By Alden Bentley
SAN FRANCISCO (Reuters) - Software titan Larry Ellison's decision to race the 34th America's Cup on high-speed 72-foot catamarans, which are harder to build and sail than keelboats, has been criticized for pushing the competition too far beyond traditional sailing and pricing out non-billionaires.
But this is the America's Cup, Silicon Valley's style - it's all about technology, ideas and information - and advances made in preparation for the races are already being felt in television, aerospace and sporting gear.
"The America's Cup has a long history of innovation on all kinds of levels," said Gary Jobson, the tactician on Ted Turner's 12-meter yacht Courageous when it won the Cup in 1977. "The boats have always had the leading edge of technology, whatever the technology has been."
Sailing shares with aeronautics the physics of lift and drag and high- and low-pressure airflow - picture a plane turned on its side in the water with one wing a "dagger board" protruding below the hull and the other a vertical mainsail.
This is even more true of Ellison's huge dream cats, known as AC72s. Instead of a traditional mainsail, they are powered by 135-foot-tall fixed "wings." Forward, they usually carry just a small sailcloth jib to help turn their twin bows through the wind when coming about.
With horizontal fins at the tip of each rudder and dagger board blade below the water's surface, the radical yachts commissioned by Oracle Corp's Ellison, who could define the parameters of this year's Cup boats because he won the 2010 America's Cup in Valencia, Spain, can "hydrofoil" atop the waves at speeds of more than 50 miles per hour.
The AC72 may represent the America's Cup's greatest innovation yet - a mostly carbon-fiber sailboat that borrows heavily from aviation technology.
Industries increasingly share techniques for using Space Age materials adopted early on by yacht builders. Carbon fiber and titanium are the favorites to reduce weight and cost, and add strength to hulls, airframes and components.
Boeing Co has been sharing information with America's Cup boat designers and builders for years, according to America's Cup sources. A Boeing spokesman said the company could not confirm or deny an America's Cup connection.
Design innovations have trickled down in boating since Alan Bond - an Australian real estate and mining entrepreneur who declared bankruptcy in 1992 and was later imprisoned for fraud - revealed a winged keel that gave his Australia II syndicate the edge over Dennis Conner's Liberty in the 1983 Cup.
Today, many cruising sailboats have similar horizontal surfaces on the bottom of their keels to help them steer straighter and faster. Experts expect hydrofoiling designs to likewise end up on recreational sailboats very soon.
The tall AC72 wings have incorporated twistable flaps along their trailing edge that help maximize lift and keep the boat flat. Aircraft may soon borrow this idea for wing-control surfaces to replace multiple flaps, according to Tom Speer, wing designer at Oracle Team USA and a former Boeing engineer.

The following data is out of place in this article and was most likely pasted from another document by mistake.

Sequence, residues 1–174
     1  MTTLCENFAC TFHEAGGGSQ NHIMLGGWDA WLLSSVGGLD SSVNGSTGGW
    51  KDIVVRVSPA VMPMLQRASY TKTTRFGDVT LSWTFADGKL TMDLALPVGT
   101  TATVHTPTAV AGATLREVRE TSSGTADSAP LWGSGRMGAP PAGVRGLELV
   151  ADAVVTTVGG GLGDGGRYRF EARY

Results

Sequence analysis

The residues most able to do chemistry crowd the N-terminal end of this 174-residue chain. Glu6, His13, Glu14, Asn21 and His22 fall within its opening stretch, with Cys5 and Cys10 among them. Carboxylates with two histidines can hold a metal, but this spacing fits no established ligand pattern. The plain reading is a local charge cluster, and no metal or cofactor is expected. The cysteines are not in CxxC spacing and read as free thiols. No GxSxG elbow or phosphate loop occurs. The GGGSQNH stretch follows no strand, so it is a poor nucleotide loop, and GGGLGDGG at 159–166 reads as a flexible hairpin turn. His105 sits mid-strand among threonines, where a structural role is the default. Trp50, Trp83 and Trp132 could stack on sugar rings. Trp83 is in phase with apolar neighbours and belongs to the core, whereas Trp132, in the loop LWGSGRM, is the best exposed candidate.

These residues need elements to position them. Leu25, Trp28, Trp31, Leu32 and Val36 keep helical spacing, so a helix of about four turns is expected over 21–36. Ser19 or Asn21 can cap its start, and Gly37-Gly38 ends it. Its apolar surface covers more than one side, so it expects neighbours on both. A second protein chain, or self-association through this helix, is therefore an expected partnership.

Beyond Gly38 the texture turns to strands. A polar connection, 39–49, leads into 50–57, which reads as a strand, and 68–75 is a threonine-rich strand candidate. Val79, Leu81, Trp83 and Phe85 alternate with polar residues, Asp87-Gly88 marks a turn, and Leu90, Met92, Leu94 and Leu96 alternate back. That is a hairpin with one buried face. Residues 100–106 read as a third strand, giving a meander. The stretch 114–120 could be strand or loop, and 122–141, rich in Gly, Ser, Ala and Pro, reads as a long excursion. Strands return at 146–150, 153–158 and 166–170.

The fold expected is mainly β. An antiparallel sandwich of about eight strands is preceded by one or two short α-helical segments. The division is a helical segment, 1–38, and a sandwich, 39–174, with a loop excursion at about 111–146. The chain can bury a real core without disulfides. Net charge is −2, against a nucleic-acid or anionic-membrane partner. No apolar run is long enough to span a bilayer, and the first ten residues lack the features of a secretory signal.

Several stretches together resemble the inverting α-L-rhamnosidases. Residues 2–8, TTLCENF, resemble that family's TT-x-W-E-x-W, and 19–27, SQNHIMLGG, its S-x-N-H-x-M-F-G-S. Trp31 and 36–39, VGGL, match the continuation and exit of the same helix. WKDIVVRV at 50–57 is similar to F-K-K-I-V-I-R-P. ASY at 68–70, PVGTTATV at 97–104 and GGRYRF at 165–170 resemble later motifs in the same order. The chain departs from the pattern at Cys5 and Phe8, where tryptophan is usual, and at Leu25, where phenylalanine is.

"You could envision an airplane wing where you had full-span flaps that did a number of functions," Speer said. "They would move together for both roll control and as landing flaps or for maneuver load alleviation and so forth."
The giant AC72 weighs just 13,000 pounds (6.5 tons, or roughly the weight of two average sedans), thanks to the high strength-to-weight ratio of carbon fiber. The boats are lifted out of the water each night, and the wings are removed for tuning, storage and to remove cameras.
When not sailing, the fragile AC72s are under repair - or are being rebuilt, as after Oracle's AC72 capsized last October. Unfortunately, the AC72 can be fatally fragile: In May the catamaran of Swedish challenger Aremis flipped and broke apart, killing British Olympic sailing champion Andrew Simpson.
"We all said, 'Maybe we are too cavalier about this regarding construction,'" said Oracle's lead designer, Dirk Kramer.
To save time, yacht builders have advanced methods for pre-impregnating resins in carbon-fiber fabric to shorten and simplify the process of laying the fabric around a rigid honeycomb core and hardening the layers together in a mold. This cuts out the costly, time-consuming process of heating the composites in ovens.
FROM EDISON TO ELLISON
There are many firsts this year aimed at widening the appeal of the Cup. The sailing is in sight of spectators on shore in Ellison's home waters of San Francisco Bay. And you can download real-time race data and apps to watch the crews in action, thanks to remote-control cameras affixed to each AC72.
The event was custom-made for television, with the scenic backdrop and close-quarters racing intended to make the Cup exciting to viewers at home.
Thomas Edison had the same idea when he brought his newfangled motion picture camera to film the America's Cup in 1899 off Sandy Hook, New Jersey. The grainy 1899 clip "Columbia Winning the Cup" is viewable at http://www.youtube.com/watch?v=KDsE-4pe7Wk . The reel helped introduce Americans to motion pictures. Edison set a standard that still exists for covering big athletic events.